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Crafting a Post COVID-19 Hospitality Space


Your Guide to Bringing Safety, Comfort, and a Natural Feel to Your Hotel

Back in January this year, Warp & Phil announced that nature would play an integral role in new hospitality design, becoming one of the biggest hotel design trends for 2020. Of course, 2020 hasn’t quite gone as planned, but the overall desires of travellers haven’t changed. Instead, they’ve expanded. 

Guests still crave a natural feel, yet their expectations have shifted dramatically. Today’s hotel guests expect hospitality spaces to effortlessly combine natural design features with improved safety, sanitation, and hygiene protocols, taking into account new regulations sparked by the pandemic. 

Post-COVID Hospitality

Post-COVID, guests are expected to be more aware and more in tune with the potential for risk, especially when travelling. Today’s guests are becoming increasingly interested in what measures hospitality spaces are taking to protect them, and are beginning to look into how hospitality design especially lends itself to a rigid sanitation schedule, along with what the operator is doing to provide a comfortable guest experience during an otherwise uncomfortable and uncertain moment in time. 

Understandably, many are reluctant and unsure about a return to normal, and it’s enclosed, shared spaces such as theatre, restaurants, and hotels that are expected to experience the greatest impact of this natural wariness. Fortunately, there are some innovative ways that those in the hospitality industry can adapt to bring together nature, comfort, and safety, giving guests everything they’re looking for. 

 1.    Window Treatments

Windows are a good starting point here, as they form the gateway to the natural environment. While more traditional, drapery is still very popular as it warms the space and softens the experience. Depending on your overall style you can even invest in custom made curtains.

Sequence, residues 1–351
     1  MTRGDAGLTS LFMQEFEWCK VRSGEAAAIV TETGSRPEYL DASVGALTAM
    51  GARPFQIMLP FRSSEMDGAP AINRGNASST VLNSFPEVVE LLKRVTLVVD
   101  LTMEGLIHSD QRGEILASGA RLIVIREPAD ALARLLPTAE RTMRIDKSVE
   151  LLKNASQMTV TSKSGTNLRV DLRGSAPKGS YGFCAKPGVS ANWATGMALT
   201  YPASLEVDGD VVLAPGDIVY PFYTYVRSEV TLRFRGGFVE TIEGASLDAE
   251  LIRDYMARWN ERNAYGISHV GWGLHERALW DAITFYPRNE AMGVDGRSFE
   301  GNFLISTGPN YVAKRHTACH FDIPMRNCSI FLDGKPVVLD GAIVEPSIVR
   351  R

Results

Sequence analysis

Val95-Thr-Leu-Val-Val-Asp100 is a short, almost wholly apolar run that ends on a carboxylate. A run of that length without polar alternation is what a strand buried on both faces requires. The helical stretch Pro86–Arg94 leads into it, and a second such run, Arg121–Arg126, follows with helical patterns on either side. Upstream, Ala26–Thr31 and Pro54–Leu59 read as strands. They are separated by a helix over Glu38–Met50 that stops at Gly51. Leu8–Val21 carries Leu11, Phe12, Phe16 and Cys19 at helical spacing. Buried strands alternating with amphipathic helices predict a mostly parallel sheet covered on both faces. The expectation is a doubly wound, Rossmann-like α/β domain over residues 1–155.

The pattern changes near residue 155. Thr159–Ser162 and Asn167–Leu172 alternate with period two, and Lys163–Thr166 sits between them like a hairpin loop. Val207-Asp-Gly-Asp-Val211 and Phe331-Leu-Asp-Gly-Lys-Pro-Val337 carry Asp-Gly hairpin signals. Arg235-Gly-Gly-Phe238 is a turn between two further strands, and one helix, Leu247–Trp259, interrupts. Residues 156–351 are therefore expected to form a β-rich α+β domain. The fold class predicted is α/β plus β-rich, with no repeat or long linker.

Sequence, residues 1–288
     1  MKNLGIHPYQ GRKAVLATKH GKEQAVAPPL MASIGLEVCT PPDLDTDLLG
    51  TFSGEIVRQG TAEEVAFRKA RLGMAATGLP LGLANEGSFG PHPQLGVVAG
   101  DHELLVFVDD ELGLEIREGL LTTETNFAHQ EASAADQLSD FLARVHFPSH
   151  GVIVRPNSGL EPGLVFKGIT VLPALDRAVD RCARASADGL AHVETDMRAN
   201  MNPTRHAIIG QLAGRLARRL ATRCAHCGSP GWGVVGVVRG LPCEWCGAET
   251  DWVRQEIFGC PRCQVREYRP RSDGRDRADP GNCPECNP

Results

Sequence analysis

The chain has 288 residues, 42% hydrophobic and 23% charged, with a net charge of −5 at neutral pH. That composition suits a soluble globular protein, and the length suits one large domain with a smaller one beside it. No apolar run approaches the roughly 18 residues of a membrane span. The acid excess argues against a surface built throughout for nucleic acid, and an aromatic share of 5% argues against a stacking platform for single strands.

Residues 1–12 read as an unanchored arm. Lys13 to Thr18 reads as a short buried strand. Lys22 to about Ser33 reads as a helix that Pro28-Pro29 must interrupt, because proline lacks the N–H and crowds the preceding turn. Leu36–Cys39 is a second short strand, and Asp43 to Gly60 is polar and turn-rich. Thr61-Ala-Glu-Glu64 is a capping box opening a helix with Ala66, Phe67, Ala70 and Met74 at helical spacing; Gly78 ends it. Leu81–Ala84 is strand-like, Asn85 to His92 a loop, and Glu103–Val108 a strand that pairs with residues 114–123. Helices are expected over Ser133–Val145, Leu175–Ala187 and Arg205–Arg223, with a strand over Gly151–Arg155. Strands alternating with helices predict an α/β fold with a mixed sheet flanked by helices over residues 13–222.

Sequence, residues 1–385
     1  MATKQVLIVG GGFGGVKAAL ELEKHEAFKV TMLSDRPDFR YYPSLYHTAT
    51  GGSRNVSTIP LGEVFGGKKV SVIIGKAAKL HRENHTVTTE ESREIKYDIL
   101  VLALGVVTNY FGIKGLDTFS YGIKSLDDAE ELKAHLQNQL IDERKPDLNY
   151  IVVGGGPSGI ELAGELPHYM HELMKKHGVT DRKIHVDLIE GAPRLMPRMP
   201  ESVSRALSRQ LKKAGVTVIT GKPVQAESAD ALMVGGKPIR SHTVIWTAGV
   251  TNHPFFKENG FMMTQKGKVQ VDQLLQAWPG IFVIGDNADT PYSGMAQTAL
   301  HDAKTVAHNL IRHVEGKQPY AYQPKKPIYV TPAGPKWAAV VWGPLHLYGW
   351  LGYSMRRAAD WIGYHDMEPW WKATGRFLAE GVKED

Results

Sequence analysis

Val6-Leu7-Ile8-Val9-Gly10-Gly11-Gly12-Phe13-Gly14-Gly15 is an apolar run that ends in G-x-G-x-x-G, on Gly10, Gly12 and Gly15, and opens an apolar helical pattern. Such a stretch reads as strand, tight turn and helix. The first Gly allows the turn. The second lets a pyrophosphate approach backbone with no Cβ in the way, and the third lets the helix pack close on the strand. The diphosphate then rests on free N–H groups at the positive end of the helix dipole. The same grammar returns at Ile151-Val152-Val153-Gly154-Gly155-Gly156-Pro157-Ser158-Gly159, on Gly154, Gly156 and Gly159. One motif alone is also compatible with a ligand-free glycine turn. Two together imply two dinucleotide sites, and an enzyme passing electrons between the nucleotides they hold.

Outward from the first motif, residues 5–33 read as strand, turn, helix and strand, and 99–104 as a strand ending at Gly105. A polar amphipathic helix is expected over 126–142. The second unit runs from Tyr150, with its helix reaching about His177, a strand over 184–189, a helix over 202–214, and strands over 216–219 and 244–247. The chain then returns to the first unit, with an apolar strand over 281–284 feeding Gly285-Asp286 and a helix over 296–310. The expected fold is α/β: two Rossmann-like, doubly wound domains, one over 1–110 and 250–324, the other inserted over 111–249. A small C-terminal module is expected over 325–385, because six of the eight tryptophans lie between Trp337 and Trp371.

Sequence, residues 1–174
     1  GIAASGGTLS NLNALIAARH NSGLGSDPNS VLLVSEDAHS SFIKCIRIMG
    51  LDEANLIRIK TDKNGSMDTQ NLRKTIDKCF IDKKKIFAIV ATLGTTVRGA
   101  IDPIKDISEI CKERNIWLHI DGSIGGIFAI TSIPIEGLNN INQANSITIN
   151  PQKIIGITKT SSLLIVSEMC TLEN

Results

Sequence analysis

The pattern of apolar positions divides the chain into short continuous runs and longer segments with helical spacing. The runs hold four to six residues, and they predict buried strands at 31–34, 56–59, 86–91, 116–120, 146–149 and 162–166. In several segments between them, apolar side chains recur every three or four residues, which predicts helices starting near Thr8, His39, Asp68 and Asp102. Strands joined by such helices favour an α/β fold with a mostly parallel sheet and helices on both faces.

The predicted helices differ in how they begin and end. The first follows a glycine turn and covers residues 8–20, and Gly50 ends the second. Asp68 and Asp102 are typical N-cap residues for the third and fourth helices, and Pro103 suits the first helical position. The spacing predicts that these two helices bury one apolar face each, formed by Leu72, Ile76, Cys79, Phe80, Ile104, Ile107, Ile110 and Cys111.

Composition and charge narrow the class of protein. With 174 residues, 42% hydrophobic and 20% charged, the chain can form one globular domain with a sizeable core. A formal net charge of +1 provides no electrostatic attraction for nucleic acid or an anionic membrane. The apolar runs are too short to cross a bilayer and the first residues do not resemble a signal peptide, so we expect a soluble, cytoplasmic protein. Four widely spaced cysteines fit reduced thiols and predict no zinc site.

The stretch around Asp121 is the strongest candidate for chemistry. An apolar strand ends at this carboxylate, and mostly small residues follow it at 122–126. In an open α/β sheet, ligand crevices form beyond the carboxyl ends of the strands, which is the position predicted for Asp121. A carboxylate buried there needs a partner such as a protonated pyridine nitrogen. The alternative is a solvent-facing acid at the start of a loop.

If you decide to choose simple drapery keep in mind that they can be emphasized through elegant decorative rods and other accessories. Roller shades are another option. These are more contemporary and are excellent at blocking light while still being a cost-effective choice. Coated materials offer natural resistance to dirt, which is beneficial in a post-COVID world. 

2.    Interior Materials

Although soft carpets and luxurious rugs add comfort, luxurious fabrics do not always lend themselves to natural design, or to strict sanitation practices. Instead, it is expected that hospitality spaces will begin to incorporate more natural materials into their interior design over the coming years, replacing bacteria-harbouring fabrics with natural stone and tile.

These materials not only allow hoteliers to create a more natural look and feel through select textiles, but stone and tile also benefit from a wipe-clean nature which makes them very quick and easy to clean, especially compared to long pile luxury carpets. 

3.    Open Plan Communal Spaces

Open plan communal spaces aren’t just a design feature; they’re fast becoming a necessity in order to meet social distancing guidelines. COVID-19 forces the designers and management companies to incorporate open plan design into the interior space, and hoteliers can leverage this trend by removing large items of furniture to open up more space in lounges, bars, and lobbies. This also helps to combine safety with the growing trend for natural design. Nature is ‘open’, and this is something that is typically lacking in enclosed, busy spaces like hotels. Ultimately, this allows guests to comfortably distance themselves, facilitating a natural yet socially safe stay.